March 28, 2020

THE PRACTICE OF MEDICINE:

A lottery for ventilators? Hospitals prepare for ethical conundrums (JOANNE KENEN, 03/27/2020, Politico)

When a group of doctors, ethicists and religious leaders got together to write New York's 2015 ethical guidelines for allocating ventilators in a pandemic, they coalesced around a clear principle: Scarce resources should go to the person most likely to be saved. But they had to contemplate another, tougher, situation: What if a number of patients were equally likely to benefit?

In that case, they decided, a lottery might be the fairest option.

The specter of such extreme rationing - a large number of critically ill patients confronting a finite supply of life-saving machinery - was grim but theoretical when debated by the philosophically minded panel. Now, as New York and other states gird for the possibility of a shortage of ventilators, that ethics roadmap could come actually into practice.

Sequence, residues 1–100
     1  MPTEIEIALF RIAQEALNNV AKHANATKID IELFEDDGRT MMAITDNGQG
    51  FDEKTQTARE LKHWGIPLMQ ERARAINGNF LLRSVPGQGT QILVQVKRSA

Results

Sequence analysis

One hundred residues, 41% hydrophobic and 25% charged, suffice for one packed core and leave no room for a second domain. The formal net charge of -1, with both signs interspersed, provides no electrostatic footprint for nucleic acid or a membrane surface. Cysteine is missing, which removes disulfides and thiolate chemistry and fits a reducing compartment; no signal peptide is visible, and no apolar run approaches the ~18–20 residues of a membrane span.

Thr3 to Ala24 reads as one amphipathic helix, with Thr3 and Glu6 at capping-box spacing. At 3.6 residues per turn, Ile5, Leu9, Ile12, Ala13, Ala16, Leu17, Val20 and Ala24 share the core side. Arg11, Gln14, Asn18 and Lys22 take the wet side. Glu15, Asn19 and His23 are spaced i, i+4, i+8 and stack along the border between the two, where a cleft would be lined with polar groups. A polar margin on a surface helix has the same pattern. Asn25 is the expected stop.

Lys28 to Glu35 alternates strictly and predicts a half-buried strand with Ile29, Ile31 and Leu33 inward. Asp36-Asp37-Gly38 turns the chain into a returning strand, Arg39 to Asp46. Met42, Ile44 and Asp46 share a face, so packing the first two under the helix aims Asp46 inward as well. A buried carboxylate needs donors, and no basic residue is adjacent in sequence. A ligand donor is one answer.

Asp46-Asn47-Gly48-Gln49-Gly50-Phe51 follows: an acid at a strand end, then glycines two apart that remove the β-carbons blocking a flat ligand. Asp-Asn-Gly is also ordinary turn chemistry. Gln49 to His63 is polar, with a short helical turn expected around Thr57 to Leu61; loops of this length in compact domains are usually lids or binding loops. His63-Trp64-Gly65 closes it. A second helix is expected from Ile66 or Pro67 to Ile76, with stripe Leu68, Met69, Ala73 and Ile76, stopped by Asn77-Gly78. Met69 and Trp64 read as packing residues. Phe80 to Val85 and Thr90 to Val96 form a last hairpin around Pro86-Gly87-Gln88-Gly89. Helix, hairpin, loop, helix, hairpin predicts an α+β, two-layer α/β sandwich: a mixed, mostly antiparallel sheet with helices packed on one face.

Even scarier is the prospect confronting many other states which could also see coronavirus overwhelm their hospitals: No guidelines at all.

"We haven't had a national conversation about how we are going to prioritize," said Ezekiel Emanuel, a physician-ethicist now at the University of Pennsylvania who was a health adviser to President Barack Obama. "We are not prepared for triage."

Posted by at March 28, 2020 8:58 AM

  

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